Fulton Market Will Return To Health Despite Scars From Restaurant Closures
By Brian Rogal
The shuttering last summer of Fulton Market’s iconic Blackbird restaurant meant the coronavirus would leave a permanent mark on the up-and-coming neighborhood. The Michelin-starred eatery opened in the late 1990s, becoming one of the pioneers of Chicago’s famed Restaurant Row on West Randolph Street, an attraction that helped change the surrounding area from an industrial zone into today’s sleek, high-tech office center.
But local stakeholders say the loss of Blackbird, among several other local restaurants, won’t impede Fulton Market’s eventual recovery from the pandemic. The strengths that brought so many office users in, including Google and McDonald’s, are still there, even if many firms decide to allow more employees to work more or less permanently from home.
“What is a more entrepreneurial business than restaurants?” Parkside Realty CEO Bob Wislow said Thursday during Bisnow’s Chicago Deep Dish: Future of the West Loop webinar.
He said he expects restaurateurs will invent new concepts that can fill in the vacant spaces that now dot that stretch of Randolph Street. The pent-up demand from local residents and office workers should fuel the new businesses.
“I think people are so sick of carryout food or cooking at home,” Wislow said.
West Loop Community Organization President and Coldwell Banker Residential broker Damone Richardson said he has already seen the beginnings of a comeback. New bookstores, children’s stores and other outlets are opening even while the pandemic is underway, and restaurants have been filled with as many customers as were allowed under the city’s loosening public health restrictions.
“People are going out, and they’re going out in big numbers, so I’m bullish on restaurants,” he said.
Fulton Market isn’t just an office center. Developers have packed it with thousands of apartments and condos, which allow residents to walk to their jobs throughout the West Loop and the rest of downtown. Richardson takes as a good sign that the local residential market maintained a relatively robust pace of transactions in the past several months.
The pandemic has led many apartment and condo dwellers to look for bigger spaces, and although some Chicagoans left for the suburbs, Richardson said he sees many Fulton Market and West Loop residents trading in studios and one-bedroom units for two bedrooms.
“I did not see a slowdown in business in 2020, and that continues even now in 2021,” Richardson said.
The local office market has a big challenge ahead. When Google opened its regional headquarters in 2015 at 1000 West Fulton St., a 531K SF former cold storage building, and when McDonald’s later announced it would relocate its world headquarters from the suburbs to 110 North Carpenter St., it attracted a flock of other firms, and developers rushed in to fulfill that demand.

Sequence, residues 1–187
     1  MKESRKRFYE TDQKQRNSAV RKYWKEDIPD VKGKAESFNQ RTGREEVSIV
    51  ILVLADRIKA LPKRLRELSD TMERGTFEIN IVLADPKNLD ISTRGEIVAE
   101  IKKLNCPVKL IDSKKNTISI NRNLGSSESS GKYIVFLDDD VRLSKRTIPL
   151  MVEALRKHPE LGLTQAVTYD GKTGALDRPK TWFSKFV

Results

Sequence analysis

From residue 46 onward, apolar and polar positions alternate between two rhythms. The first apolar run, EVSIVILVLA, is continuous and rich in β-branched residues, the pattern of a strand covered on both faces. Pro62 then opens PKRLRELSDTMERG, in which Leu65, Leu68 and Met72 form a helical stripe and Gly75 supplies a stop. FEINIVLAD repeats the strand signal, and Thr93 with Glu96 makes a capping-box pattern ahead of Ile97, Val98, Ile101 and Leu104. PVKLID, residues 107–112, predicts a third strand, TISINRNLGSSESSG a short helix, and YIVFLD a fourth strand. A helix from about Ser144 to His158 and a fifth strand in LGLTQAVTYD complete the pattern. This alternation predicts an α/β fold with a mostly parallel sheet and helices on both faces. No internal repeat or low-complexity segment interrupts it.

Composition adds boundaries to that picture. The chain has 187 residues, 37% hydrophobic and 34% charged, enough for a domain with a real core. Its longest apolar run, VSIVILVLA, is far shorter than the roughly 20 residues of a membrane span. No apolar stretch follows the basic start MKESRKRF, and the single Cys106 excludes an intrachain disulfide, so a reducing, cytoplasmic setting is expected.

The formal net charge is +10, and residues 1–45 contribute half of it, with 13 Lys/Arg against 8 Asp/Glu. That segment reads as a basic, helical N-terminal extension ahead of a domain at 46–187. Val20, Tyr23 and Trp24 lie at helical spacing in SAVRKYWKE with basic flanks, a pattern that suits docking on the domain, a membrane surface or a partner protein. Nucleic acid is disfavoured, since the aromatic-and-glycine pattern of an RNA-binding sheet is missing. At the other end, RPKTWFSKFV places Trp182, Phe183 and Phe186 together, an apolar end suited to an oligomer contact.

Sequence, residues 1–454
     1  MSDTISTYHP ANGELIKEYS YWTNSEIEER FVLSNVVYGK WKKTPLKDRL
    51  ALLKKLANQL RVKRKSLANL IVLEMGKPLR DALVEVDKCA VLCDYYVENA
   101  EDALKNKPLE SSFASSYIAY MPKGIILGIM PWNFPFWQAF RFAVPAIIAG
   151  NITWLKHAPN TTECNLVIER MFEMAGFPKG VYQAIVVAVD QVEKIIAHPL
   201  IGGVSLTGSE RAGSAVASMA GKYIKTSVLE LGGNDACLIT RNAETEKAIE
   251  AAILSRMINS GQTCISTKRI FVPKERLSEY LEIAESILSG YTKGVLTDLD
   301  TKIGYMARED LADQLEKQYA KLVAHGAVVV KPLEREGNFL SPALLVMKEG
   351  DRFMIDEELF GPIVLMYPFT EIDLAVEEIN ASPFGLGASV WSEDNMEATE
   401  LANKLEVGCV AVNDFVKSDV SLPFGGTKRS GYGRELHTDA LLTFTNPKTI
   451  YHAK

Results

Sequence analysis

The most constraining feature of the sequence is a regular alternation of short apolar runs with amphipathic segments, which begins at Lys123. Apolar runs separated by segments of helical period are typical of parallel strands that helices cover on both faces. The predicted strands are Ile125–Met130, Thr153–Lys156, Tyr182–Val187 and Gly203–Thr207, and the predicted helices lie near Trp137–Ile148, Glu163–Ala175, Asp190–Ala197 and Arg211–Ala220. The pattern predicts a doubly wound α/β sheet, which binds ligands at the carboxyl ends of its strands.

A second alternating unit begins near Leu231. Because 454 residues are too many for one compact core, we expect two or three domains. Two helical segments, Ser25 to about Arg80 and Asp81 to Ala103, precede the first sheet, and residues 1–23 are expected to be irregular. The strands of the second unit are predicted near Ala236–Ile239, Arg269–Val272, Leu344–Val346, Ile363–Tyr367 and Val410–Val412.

The total inventory in the neighborhood increased from 3.6M SF in Q4 2019 to 5.5M SF by Q4 2020, according to Colliers International, and builders have another 1.5M SF under construction. The vacancy rate increased from 7.5% in Q4 2019 to 28.3% in Q4 2020 after the pandemic shut down new leasing.
Wislow said if the coronavirus vaccines beat back the pandemic, office users will return. The Chicago area still attracts college graduates from all over the Midwest each year, and Fulton Market and the West Loop in general are areas where they can live and commute to work with a short walk.
Prospective office users are already knocking on doors in Fulton Market. Wislow’s Parkside Realty is in talks with Naperville, Illinois-based Calamos Investments to lease 20K SF at Fulton East, its new 90K SF office building at 215 North Peoria St. in Fulton Market, according to Crain’s Chicago Business.
Calamos isn’t the only company making the rounds.
“We’ve had one-to-three tours a week at our building,” Wislow said.
Public health and safety features will be considered essential for companies trying to attract new talent, Wislow added, and as a new market still under construction, Fulton Market may be able to better meet that new demand.
Parkside was set to open Fulton East last July, but after the pandemic shutdown, it pivoted and began upgrading the building’s safety features and adding others. Those who don’t want to climb the stairs can use the new “toe-to-go,” a hands-free system that allows users to summon elevators by pressing buttons with their feet. Other recently added safety features include UV lights in the building’s ductworks and wall-mounted cold-plasma devices, both of which can kill airborne pathogens.
“I think that’s going to be a new standard,” he said. “It’s not just for this pandemic. It’s also for flu season and pandemics in the future.”